We are our Facebook profiles, our iTunes libraries, our Amazon wish lists, our Dropbox files, our Twitter feeds.

Durban - Regular readers of this column will know one of my frequent gripes is how South Africans are treated like third class netizens by the big online providers of physical goods and digital media.

I’m happy to report that in recent months that’s started to change for the better, with the pace really picking up in the last week or two.

A huge development was Apple’s announcement last Tuesday that its iTunes store is now open for business in 56 new countries, South Africa among them.

Yes, phone maker Nokia has been offering music downloads to owners of its handsets for several years and Simfy introduced legal music streaming to Mzansi with its launch at the end of August. But the entry of iTunes into the market is a game-changer.

With more than a million iPhones, iPads and iPods estimated to be in circulation owned by the very consumers most likely to shell out for digital music, this country is likely to be a lucrative source of income for the already fabulously wealthy Apple.

And remember, you don’t need an iDevice to use iTunes – it runs on a Mac or Windows computer too.

But the entry of iTunes into the local market is great news, even if you have no intention of buying from the music store. That’s because other global online players you would be keen to see set up shop locally will view Apple’s decision as a vote of confidence in South Africa and many will follow suit.

Amazon’s online store has already expanded the range of goods it is prepared to ship to South Africa from books (both electronic and physical), Kindle e-book readers, DVDs and CDs to a much longer list that includes watches, sports gear, shoes, consumer electronics, jewellery, tools and toys.

And big local bricks and mortar retailers who’ve been slow to open fully fledged online stores – most of their websites are really just clunky online catalogues – are starting to sit up and take notice, with Dion Wired recently relaunching its drastically revamped online store.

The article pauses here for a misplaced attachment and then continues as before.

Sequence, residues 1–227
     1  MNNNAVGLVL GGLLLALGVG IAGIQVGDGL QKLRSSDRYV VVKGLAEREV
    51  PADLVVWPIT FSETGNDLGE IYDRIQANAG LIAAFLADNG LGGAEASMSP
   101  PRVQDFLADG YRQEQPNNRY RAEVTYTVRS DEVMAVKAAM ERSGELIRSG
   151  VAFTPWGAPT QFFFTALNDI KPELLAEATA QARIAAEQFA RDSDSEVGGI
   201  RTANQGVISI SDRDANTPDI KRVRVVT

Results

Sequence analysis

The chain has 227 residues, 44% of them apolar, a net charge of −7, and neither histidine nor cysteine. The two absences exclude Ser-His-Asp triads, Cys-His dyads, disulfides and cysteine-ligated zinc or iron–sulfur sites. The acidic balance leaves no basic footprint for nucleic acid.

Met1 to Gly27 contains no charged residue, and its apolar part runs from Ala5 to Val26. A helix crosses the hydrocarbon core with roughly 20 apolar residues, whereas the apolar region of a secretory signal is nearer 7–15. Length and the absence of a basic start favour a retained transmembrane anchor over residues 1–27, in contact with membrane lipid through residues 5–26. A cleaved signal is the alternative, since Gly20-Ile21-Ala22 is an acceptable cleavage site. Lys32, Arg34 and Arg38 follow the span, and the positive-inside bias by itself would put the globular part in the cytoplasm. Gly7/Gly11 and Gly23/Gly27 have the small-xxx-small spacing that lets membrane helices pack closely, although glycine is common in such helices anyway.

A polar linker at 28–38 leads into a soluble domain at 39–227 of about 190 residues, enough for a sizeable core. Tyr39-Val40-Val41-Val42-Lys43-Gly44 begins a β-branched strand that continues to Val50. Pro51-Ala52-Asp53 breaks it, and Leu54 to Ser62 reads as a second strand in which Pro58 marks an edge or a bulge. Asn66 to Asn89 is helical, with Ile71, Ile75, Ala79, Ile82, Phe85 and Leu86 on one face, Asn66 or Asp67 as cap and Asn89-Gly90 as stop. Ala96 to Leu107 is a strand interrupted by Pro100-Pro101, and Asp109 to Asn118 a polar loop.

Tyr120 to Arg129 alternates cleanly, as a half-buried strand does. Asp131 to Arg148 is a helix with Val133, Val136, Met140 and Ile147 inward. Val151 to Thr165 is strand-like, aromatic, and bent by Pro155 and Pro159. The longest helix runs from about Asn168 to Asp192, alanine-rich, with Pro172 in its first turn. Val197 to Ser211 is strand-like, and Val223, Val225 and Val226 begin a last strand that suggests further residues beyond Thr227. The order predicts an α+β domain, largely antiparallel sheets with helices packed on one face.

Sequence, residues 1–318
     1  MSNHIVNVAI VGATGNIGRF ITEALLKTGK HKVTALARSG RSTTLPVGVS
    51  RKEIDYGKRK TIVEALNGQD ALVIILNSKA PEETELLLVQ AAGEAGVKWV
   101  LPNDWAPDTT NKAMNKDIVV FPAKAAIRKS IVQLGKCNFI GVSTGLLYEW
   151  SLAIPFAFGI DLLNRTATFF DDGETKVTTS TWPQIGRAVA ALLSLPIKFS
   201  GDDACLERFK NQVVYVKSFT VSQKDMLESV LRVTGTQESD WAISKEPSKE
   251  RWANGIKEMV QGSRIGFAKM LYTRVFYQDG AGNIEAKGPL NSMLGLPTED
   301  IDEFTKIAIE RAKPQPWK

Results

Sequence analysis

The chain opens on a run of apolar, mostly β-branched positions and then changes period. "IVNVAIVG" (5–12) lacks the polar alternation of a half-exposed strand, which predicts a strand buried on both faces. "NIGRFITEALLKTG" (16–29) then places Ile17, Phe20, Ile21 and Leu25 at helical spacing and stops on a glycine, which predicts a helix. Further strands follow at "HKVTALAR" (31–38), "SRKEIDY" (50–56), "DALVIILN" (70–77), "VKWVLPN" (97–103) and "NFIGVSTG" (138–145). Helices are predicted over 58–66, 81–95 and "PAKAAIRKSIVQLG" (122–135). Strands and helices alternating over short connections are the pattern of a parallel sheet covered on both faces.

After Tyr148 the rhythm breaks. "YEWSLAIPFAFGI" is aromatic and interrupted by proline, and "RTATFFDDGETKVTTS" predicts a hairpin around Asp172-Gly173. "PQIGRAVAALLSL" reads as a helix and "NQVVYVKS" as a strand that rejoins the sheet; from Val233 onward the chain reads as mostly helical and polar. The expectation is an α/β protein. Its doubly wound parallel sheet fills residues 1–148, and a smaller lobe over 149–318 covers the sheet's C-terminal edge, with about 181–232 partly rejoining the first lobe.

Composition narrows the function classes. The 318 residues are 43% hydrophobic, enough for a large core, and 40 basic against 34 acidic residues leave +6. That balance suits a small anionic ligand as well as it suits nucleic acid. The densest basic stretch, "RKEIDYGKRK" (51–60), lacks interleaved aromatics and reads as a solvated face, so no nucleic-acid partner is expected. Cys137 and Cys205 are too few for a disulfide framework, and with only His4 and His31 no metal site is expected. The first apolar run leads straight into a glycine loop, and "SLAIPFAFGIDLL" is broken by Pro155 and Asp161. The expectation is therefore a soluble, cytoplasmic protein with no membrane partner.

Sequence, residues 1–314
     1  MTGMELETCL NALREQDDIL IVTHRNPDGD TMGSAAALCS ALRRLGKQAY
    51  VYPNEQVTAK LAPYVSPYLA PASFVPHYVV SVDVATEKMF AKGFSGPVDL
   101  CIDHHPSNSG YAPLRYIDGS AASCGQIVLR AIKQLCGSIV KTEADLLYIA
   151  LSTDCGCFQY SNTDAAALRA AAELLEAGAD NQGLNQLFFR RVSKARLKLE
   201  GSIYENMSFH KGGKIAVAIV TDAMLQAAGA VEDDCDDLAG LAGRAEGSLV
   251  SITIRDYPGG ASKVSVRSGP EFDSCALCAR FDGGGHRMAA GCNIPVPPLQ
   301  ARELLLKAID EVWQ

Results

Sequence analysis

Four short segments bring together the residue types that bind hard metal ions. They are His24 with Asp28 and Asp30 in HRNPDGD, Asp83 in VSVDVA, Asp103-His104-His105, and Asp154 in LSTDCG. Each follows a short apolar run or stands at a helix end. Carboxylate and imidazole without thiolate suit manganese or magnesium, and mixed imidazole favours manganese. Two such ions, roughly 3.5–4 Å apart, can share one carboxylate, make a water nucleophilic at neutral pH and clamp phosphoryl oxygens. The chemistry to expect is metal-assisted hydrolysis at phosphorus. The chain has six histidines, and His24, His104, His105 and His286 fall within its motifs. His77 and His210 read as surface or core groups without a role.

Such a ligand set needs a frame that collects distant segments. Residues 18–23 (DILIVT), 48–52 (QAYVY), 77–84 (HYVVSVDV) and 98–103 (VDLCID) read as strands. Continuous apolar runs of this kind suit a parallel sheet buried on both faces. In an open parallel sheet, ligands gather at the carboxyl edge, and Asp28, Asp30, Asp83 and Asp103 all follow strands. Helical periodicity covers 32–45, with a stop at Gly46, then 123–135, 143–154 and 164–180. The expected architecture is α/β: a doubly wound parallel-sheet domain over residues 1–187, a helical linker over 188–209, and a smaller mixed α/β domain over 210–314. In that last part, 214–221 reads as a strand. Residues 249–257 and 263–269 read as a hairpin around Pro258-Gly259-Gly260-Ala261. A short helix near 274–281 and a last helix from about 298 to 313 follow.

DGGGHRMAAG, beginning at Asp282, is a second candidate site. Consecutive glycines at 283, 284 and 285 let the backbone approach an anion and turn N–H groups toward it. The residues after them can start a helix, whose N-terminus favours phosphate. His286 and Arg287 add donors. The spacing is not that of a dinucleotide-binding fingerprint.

Back to the iTunes store. I haven’t had a chance to explore its digital aisles fully but at first glance it seems you’ll shell out around R9 to buy an individual song and R90 for an album.

I’m sure it will come as no shock to hear that the number one song spot is held by Gangnam Style, but I was pleasantly surprised the day I visited to see that the number one album was SA Idols winner Khaya “PK” Mthethwa’s debut album, For You.

There didn’t appear to be a huge selection of local artists, but this should improve in the coming weeks and months.

The iTunes in the Cloud service lets you download all the music you buy from iTunes to all your iDevices at no additional cost, while for R199 a year iTunes Match will let you upload all your electronically stored music – even, horror of horrors, pirated tracks, no questions asked – to iCloud for streaming access at any time, from any iOS device. It’s the digital music version of a money-laundering scheme and all perfectly legal and sanctioned by the music industry.

Noticeably absent from the SA iTunes store are any movie or TV series downloads. Most of the games available in the US store are also missing. My sources assure me it’s all coming, probably sometime next year.

I was originally told they would be available this year, with the music, but our arcane and costly licensing and classification red tape has obviously proved more onerous than expected.

I suppose you can’t have it all. Something to look forward to in the new year, then. - Sunday Tribune